Then something happens in the last three poems that signals the coming power of the second book. The antepenultimate, “Love-Making; April; Middle Age,” is a sonnet with an extra line, as though the speaker were defying formal closure and buying time, inspired by an unlooked-for love affair at midlife. The poem ends with evening light “that dusts your eyes and mine with age. // We turn our thirties over like a page.” The title poem comes next, and is an unflinching recounting, in five parts, of how the speaker learns that he has a fatal illness. Sissman turns his gift for form (syllabics, rhyme) and wry description toward difficult, serious news:

Like hummingbirds, syringes tap
The novocaine and sting my thigh
To sleep, and the swordplay begins.
The stainless-modern knife digs in —
Meticulous trencherman — and twangs
A tendon faintly.

After he’s heard his pathology report, the speaker heads home:

Through my
Invisible new veil
Of finity, I see
November’s world —
Low scud, slick street, three giggling girls —
As, oddly, not as somber
As December,
But as green
As anything:
As spring.

The last poem is an aubade suffused with the “urgencies of afternoon” and of the “dead-white end of the dark road we know.” The poem’s Envoy is a bellwether of the poems to come in book two:

At last, alas! day is born out night,
And, though our pain persists in sleeping still,
It will arise and flourish at high noon,
And furious, constant, seek to find a way
Out of our time, the only one we know.

Sissman’s second collection, Scattered Returns, was published the following year. It is shorter than the first by 10 poems and 30 pages, and cuts to the chase. The first poem in the book, “A Deathplace,” begins: “Very few people know where they will die, / But I do.” With a few exceptions (the title poem, for one, which Sissman himself calls “derivative,” with its shout-out to Eliot, adolescence, and “a drab Radcliffe girl who knew I wrote / And whom I helped into her fur-trimmed coat”), gone are the nostalgia-fueled, New Yorker–y cultural and travel sketches. Though the poems are still darkly witty, formally dexterous, and often profoundly perceptive, nearly all “academic” artifice and throwback archaisms have been replaced by a forthright, often blunt urgency (catheters, bad waiting rooms, the indignities of illness) that is nonetheless devoid of self-pity or bathos. There are, true, a great many allusions to other poets and writers — most (all?) of them men — including Patrick Kavanagh, Donald Justice, Walt Whitman, and Evelyn Waugh. The tone here is elegiac, fierce, as in the parodic meta-sonnet “Upon Finding Dying: An Introduction, by L. E. Sissman, Remaindered at Is”:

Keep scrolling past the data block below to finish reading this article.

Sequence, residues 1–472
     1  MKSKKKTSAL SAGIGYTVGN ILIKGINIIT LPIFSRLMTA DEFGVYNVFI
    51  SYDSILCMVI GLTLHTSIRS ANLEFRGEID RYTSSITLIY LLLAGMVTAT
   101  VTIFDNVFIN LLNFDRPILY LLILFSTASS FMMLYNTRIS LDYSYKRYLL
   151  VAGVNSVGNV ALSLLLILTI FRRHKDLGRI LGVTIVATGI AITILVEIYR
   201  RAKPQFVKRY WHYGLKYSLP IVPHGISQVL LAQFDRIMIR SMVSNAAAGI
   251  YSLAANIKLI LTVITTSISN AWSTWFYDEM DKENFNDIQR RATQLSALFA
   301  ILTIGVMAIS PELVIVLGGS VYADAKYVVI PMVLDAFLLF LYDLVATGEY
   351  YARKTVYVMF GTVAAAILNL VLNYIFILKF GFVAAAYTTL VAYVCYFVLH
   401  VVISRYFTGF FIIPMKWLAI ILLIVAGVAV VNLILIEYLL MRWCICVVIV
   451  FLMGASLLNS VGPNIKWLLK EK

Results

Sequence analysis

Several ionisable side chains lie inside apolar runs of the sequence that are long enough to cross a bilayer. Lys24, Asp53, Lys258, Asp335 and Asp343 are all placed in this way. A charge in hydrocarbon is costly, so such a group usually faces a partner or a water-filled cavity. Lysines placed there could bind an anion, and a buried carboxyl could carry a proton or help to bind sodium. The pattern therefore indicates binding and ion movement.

I wandered lonely as a cloud in Foyles
Of incandescent, tight-knit air, when I
Spied a remainder counter, pied as a
Meadow in autumn with the relicts of
A foisonous summer: novels all the Réage
Short weeks ago, now smutched with rusts and rots
Upon their colored calyces; memoirs
Of august personages laid to rest
As early as October; ghosts of Mod
Nonce-figures, once in, now as dead as God;
And there, a snip under a blackleg sign,
“These books reduced to 1s/,” there is mine,
Dying: An Introduction. Well, if you
Preach about dying, you must practice, too.